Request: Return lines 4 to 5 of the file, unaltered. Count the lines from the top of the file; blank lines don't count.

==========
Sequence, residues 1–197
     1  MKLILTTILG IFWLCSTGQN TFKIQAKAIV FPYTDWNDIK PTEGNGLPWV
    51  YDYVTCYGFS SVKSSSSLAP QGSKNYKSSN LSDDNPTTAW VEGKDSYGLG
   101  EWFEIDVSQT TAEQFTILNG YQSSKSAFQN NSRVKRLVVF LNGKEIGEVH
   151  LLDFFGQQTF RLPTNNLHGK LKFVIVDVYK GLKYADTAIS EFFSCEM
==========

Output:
   101  EWFEIDVSQT TAEQFTILNG YQSSKSAFQN NSRVKRLVVF LNGKEIGEVH
   151  LLDFFGQQTF RLPTNNLHGK LKFVIVDVYK GLKYADTAIS EFFSCEM